Origin of various food additives have been connected to Americas, but none like chili. Several ideas have come up as to the origin of chili, with some theories pointing to ancient Mexicans of Indian descent.
Other researchers have also attributed its origin to Spain, Portugal, Africa and South America as well as the United States. However, it can be proved that chili did not come from Mexico, since, according to the ancient Indian culture, they passed their practices from one generation to another, but none of them even depicted cultivation of chili.
Indians are known to love chilies and soup made from it, especially due to its health effects. Over the years, its use has spread all over the globe, and is now considered the world’s best concoction. This paper will try to provide a brief description on the history of chili (Stadley 1).
History of Chili
Chili is a concoction used to make hot and spicy soup. It can be used with meat, beans or other kinds of foods. Its use is estimated to have started many centuries ago, although there are still speculations as to whoever identified it first. Chili comes from chile, which is a pepper pod.
The most common debates that have risen about it have mainly focused on determining the best chilies. In this regard, each of the States has insisted that theirs is the best. The Portuguese are said to have led distribution of chili throughout the word. Their trade in Africa and India spurred spread of chili throughout the world. Southwestern Ecuador was cited by the archeologist as the most probable origin of chili peppers over 6000 years ago.
They also attest to the fact that this could have been the first crop to be cultivated in these regions (South and Central America). It was Christopher Columbus who named them peppers as they looked similar to the European peppers which were black and white (Pyramid Computer Service 1)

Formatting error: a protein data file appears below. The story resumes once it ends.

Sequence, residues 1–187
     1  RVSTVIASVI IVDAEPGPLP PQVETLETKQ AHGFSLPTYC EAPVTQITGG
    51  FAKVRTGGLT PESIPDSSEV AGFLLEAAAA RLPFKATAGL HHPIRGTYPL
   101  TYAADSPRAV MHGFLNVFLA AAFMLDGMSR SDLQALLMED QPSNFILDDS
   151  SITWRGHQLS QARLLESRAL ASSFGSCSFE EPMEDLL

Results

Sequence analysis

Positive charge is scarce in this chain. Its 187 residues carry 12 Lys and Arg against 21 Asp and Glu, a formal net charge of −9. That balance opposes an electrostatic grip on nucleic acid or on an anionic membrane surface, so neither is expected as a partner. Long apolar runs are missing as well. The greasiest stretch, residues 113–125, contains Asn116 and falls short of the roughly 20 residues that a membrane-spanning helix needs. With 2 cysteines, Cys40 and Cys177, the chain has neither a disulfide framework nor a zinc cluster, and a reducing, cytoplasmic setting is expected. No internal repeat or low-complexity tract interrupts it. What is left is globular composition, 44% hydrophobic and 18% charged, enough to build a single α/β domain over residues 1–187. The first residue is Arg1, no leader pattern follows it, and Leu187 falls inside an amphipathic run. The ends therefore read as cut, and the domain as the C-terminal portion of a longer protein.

They were then introduced in Europe where their cultivations were mainly done in Portugal and Spain. This was only restricted to the monasteries in these areas. Due to the high cost of black peppercorns, monks cultivating peppers found it as an alternative. Their spread throughout the world is attributed to trade routes during these periods.
Chili got to Spain in 1943 through a physician known as Diego Alvarez, who in 1944, went on to document its medicinal effects. It then spread to Mexico from Spain since their colony was powerful and controlled trade routes in Asian region. This led to its spread in Asia, first to Philippines, then to India, Korea, China and Japan, among others. Other theories have also suggested that it first spread from Portugal to India and to the rest of the world.
Still others reckon that it entered the United Stated through Indians who lived on the southwest and also through Spanish missionaries. It then spread to Texas and then to all States. However, what comes out clearly is the fact that it spread through trade routes and from colonizers to their respective colonies (International Chili Society 1).
Several theories have come up to describe the origin and distribution of chili throughout the world. These theories meet at some stages, for instance, that chili peppers spread throughout the world via trade routes and spread of Christianity.
They also agree on the fact that Christopher Columbus was the first European to find chili. However, differences come in identifying the first people in the world to have used chili; they range from Indians, Ecuadorians, Spanish as well as the Portuguese. Nonetheless, what comes out clearly is the fact that it spread via trade and missionary routes (Laubsh 1).
International Chili Society. “History of Chili”. Chili cook off. 03.06.2011.03.06.2011. http://www.chilicookoff.com/history/ history_of_chili.asp
Laubsh, Nigel. “Everything You Wanted To Know About Chilli History – How They Circumnavigated The World”. Chillies-down-under.com. 04.03.2011.03.06.2011. http://www.chillies-down-under.com/chilli-history-world.html
Pyramid Computer Service. “The History of Chili”. Socastee Online. 10.01.2008.03.06.2011. http://www.socastee.com/chili/chili_history.html
Stadley, Linda. “History of Chili, Chili Con Carne”. What’s Cooking America? 11.02.2011.03.06.2011. http://whatscookingamerica.net/History/Chili/ ChiliHistory.htm